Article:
Fundamental techniques of scenic painting. A studio class during which students learn to paint faux finishes of marble, wood grain, brick and other common finishes for theatrical application.

DRAM 231 - (3) (S)
Costume Technology
Prerequisite: DRAM 201 and 202, or instructor permission; corequisite: DRAM 233 or instructor permission.
Studies basic techniques for moving the costume design from drawing to finished character, including construction, alteration, patterning, fitting, and accessories. Lab required.

DRAM 233 - (1) (S)
Production Laboratory: Costume and Makeup
Prerequisite: DRAM 201 and 202, or instructor permission; corequisite: DRAM 231 or instructor permission.
Application of costume and makeup technology in production laboratory. May be repeated up to four credits.

DRAM 243 - (1) (S)
Production Laboratory: Acting and Directing
Application of acting and directing skills in production laboratory. May be repeated up to four credits.

DRAM 263 - (1) (S)
Production Laboratory: Sound

Prerequisite: permission of instructor.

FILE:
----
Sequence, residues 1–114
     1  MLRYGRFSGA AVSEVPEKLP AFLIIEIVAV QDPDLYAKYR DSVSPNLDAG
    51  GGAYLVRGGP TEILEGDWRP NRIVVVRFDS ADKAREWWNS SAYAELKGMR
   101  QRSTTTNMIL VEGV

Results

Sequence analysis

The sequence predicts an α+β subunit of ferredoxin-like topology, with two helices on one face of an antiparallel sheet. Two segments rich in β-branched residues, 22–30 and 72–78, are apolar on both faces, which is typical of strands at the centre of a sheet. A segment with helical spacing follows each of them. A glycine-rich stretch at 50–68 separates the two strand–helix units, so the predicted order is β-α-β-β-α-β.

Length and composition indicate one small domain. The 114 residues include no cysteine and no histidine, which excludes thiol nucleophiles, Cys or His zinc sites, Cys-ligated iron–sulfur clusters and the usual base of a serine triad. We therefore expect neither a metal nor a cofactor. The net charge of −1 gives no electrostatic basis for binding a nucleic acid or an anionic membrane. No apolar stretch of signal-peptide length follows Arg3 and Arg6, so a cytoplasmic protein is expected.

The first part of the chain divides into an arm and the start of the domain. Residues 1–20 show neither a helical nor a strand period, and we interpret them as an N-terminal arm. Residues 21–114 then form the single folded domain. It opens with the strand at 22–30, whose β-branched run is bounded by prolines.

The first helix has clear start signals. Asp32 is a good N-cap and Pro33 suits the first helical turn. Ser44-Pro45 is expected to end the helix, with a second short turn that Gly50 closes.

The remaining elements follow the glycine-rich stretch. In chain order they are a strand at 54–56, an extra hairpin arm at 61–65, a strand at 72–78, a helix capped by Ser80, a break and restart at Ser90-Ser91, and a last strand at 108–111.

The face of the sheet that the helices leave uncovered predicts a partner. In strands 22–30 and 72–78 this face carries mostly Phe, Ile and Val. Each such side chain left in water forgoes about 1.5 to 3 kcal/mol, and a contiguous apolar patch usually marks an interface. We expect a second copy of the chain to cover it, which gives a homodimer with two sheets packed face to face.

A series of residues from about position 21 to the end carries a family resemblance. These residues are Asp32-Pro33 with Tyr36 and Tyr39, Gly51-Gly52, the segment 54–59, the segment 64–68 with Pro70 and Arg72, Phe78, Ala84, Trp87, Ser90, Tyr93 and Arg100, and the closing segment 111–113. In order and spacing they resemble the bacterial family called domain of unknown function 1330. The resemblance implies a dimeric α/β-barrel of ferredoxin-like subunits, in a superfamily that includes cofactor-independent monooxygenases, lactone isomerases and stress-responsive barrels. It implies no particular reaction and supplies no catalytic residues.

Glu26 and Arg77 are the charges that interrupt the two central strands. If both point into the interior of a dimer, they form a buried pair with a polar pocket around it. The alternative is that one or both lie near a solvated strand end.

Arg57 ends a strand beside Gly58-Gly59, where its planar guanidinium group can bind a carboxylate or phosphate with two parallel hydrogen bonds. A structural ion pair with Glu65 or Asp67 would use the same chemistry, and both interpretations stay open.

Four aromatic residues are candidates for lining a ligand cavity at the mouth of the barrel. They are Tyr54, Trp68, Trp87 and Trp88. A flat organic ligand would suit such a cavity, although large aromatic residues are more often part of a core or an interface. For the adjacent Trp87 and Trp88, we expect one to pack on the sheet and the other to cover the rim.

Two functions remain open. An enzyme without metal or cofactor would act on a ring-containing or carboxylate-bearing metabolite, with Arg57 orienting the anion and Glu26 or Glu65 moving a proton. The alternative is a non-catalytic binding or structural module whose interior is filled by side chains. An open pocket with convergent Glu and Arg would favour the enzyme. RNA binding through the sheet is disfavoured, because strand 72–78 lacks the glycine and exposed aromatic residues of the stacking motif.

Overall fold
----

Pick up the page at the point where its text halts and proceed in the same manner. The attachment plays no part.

Application of sound technology in laboratory production projects. May be repeated up to four credits.

DRAM 264 - (3) (S)
The Art of Designing Sound

Creative application of digital sound editing for media. Techniques investigated include editing pre-recorded music, creating realistic sound environments, representing visual art with sound, three-dimensional sound, and sound creation for video.

DRAM 280 - (3) (Y)
Television News Writing and Production
Prerequisite: Instructor permission.
Students analyze, discuss, and learn the techniques of television news writing. Explores the difference between print and television news; the value of research; the impact of deadlines; the worth of clear, concise, accurate expression; the importance of ethics; and the urgency of time. Working in teams, students participate in a variety of roles included in television news production, such as reporting and editing, with an emphasis on writing to the dictates of the television medium.

DRAM 281 - (3) (Y)
Cinema as Art Form
A course in visual thinking; introduces film criticism, concentrating on classic and current American and non-American films.

DRAM 282 - (3) (Y)
Television Texts, Scripting and Directing
Studies the theory and creative principles of television scripting and directing; analysis of form, content, and production values; includes composition, writing, lighting, camerawork and performance.

DRAM 302 - (3) (IR)
Theatre Make-Up
Prerequisite: DRAM 201 and 202, or instructor permission.
Introduces the design and application of theatre make-up. Emphasizes observation and mastery of basic techniques and materials employed in facial analysis and the creation of juvenile, lead, character, and aged make-up.

DRAM 305 - (3) (Y)
History of Theatre